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Portugal History

 
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Portugal History

Portugal is a country on the Iberian Peninsula. Located in southwestern Europe, Portugal is the westernmost country of mainland Europe and is bordered by the Atlantic Ocean to the west and south and by Spain to the north and east. The Atlantic archipelagos of the Azores and Madeira are also part of Portugal.

 

The land within the borders of today's Portuguese Republic has been continuously settled since prehistoric times. Some of the earliest civilizations include Lusitanians and Celtic societies. Incorporation into the Roman Republic dominions took place in the 2nd century BC. The region was ruled and colonized by Germanic peoples, such as the Suebi and the Visigoths, from the 5th to the 8th century. From this era, some vestiges of the Alans were also found. The Muslim Moors arrived in the early 8th century and conquered the Christian Germanic kingdoms, eventually occupying most of the Iberian Peninsula. In the early 1100s, during the Christian Reconquista, Portugal appeared as a kingdom independent of its neighbour, the Kingdom of León and Galicia. In a little over a century, in 1249, Portugal would establish almost its entire modern-day borders by conquering territory from the Moors.

During the 15th and 16th centuries, with a global empire that included possessions in Africa, Asia, and South America, Portugal was one of the world's major economic, political, and cultural powers. In the 17th century, the Portuguese Restoration War between Portugal and Spain ended the sixty year period of the Iberian Union (1580–1640). The 1755 Lisbon earthquake and, in the 19th century, armed conflicts with French and Spanish invading forces and the loss of its largest territorial possession abroad, Brazil, disrupted political stability and potential economic growth. After the Portuguese Colonial War and the Carnation Revolution coup d'état in 1974, the ruling regime was deposed in Lisbon and the country handed over its last overseas provinces in Africa. Portugal's last overseas territory, Macau, was handed over to China in 1999.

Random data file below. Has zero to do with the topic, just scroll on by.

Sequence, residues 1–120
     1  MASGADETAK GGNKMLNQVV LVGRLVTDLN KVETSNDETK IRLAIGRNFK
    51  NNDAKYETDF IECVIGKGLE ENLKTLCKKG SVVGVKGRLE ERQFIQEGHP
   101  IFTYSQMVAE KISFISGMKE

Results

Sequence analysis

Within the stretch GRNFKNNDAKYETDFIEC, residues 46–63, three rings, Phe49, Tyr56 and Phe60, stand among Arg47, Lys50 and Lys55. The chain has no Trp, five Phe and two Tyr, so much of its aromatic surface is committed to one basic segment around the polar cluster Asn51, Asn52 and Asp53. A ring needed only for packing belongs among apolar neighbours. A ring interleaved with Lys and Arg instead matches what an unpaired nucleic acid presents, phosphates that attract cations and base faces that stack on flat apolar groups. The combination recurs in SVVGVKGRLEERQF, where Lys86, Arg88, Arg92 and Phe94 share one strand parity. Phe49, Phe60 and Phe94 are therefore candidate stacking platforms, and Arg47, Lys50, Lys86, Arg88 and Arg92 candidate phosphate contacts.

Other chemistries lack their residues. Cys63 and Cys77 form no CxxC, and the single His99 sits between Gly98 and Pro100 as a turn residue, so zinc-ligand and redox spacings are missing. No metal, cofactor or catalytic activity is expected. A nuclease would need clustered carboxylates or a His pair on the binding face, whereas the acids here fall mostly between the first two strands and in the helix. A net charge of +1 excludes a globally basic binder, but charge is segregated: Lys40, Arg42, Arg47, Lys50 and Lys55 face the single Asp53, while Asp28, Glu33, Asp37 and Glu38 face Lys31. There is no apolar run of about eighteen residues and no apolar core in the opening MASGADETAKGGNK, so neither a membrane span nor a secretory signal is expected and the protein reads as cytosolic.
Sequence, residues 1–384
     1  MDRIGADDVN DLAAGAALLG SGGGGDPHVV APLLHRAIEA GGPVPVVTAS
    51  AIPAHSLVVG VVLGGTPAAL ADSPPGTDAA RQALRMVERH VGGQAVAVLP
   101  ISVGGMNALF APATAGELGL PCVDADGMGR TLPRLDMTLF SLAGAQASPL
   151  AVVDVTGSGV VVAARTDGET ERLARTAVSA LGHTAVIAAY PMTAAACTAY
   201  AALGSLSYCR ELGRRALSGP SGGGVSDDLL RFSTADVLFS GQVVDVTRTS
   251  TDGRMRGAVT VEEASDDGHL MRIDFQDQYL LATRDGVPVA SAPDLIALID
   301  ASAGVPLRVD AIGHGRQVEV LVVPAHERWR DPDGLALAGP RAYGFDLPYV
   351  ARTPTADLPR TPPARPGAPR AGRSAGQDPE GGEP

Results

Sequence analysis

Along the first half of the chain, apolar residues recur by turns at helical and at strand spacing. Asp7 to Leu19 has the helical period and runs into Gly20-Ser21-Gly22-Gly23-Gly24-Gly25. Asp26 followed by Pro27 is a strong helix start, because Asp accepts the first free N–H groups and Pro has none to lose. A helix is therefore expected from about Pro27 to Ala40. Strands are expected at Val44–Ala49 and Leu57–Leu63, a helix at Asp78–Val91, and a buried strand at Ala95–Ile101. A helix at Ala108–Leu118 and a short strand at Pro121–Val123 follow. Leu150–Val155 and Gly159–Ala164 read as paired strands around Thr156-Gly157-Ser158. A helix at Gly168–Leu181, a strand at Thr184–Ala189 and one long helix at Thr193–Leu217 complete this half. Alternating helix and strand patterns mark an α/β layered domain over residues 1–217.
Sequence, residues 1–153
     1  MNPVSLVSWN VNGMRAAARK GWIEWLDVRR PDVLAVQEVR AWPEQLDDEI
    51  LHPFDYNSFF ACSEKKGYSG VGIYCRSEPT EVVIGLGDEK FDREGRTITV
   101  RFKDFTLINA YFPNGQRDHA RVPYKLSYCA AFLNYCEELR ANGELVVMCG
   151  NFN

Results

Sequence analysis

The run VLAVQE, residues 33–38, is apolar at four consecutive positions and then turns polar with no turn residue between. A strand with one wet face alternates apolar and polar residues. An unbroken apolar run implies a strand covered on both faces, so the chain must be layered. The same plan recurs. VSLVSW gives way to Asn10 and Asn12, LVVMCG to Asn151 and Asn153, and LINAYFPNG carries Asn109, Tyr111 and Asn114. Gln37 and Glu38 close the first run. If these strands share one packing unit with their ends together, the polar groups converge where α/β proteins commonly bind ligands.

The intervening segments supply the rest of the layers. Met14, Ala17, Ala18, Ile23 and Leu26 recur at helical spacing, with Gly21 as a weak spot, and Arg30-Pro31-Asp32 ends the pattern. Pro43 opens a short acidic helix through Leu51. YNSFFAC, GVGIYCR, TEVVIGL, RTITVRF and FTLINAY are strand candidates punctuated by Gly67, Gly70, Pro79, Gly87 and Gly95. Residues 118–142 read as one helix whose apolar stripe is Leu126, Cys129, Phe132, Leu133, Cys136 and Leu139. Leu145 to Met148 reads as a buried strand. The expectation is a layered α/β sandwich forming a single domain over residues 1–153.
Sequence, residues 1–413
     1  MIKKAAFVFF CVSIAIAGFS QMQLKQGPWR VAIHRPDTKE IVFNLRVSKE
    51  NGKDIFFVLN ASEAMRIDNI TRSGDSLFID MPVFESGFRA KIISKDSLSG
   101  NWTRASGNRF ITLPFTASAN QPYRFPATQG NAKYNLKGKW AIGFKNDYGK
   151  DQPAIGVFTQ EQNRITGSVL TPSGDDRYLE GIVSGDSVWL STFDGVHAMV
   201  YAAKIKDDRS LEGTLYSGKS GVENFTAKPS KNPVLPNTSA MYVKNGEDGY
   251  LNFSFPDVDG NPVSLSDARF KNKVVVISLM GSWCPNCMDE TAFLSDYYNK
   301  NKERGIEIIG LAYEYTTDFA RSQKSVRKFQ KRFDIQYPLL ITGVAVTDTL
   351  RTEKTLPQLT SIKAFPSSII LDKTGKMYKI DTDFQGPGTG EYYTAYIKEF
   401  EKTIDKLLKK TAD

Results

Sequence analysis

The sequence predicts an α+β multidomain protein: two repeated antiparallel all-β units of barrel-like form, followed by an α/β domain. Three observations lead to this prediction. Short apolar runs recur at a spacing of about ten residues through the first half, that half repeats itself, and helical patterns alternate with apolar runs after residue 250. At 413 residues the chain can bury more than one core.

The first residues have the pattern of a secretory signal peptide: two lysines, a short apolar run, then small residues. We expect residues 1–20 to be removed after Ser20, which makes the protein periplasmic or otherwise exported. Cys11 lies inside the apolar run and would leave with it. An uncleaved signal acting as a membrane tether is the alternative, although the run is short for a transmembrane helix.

Portugal is a developed country, and has a high Human Development Index. It is the 7th most peaceful and the 13th most globalized country in the world, and has the world's 19th highest quality of life, although having the lowest GDP per capita of Western European countries. It is a member of the European Union (joined the then EEC in 1986, leaving the EFTA where it was a founding member in 1960) and the United Nations (since 1955); as well as a founding member of the Latin Union, the Organization of Ibero-American States, the Organisation for Economic Co-operation and Development (OECD), North Atlantic Treaty Organization (NATO), Comunidade dos Países de Língua Portuguesa (Community of Portuguese Language Countries, CPLP), and the European Union's Eurozone. Portugal is also a Schengen state.

Portugal is one of the warmest European countries, the annual temperature averages in mainland Portugal are 13 °C (55 °F) in the north and 18 °C (64 °F) in the south and it is over 20 °C (68°F) on the warmest spots, like south coast of Madeira island. The Madeira and Azores Atlantic archipelagos have a narrower temperature range. Extreme temperatures occur in the mountains of northeastern parts of the country in winter (where they may fall to -15 °C) and Southeastern parts in summer.

Sea coastal areas are milder. Official absolute extremes registered so far have been -16.0 °C in Penhas da Saúde and +47.4 °C in Amareleja, Moura municipality, Alentejo region. There are registered values of 50.5 for Riodades. It is very plausible that these values could be registered in the warmest valleys such as Guadiana, Douro and Tagus (Tejo). Mainland Portugal is split by its main river, the Tagus. The northern landscape is mountainous in the interior areas, with plateaus indented by river valleys. The south, between the Tagus and the Algarve (the Alentejo), features mostly rolling plains and a climate somewhat warmer and drier than in the cooler and rainier north. The Algarve, separated from the Alentejo by mountains, has a climate much like southern coastal Spain.



 
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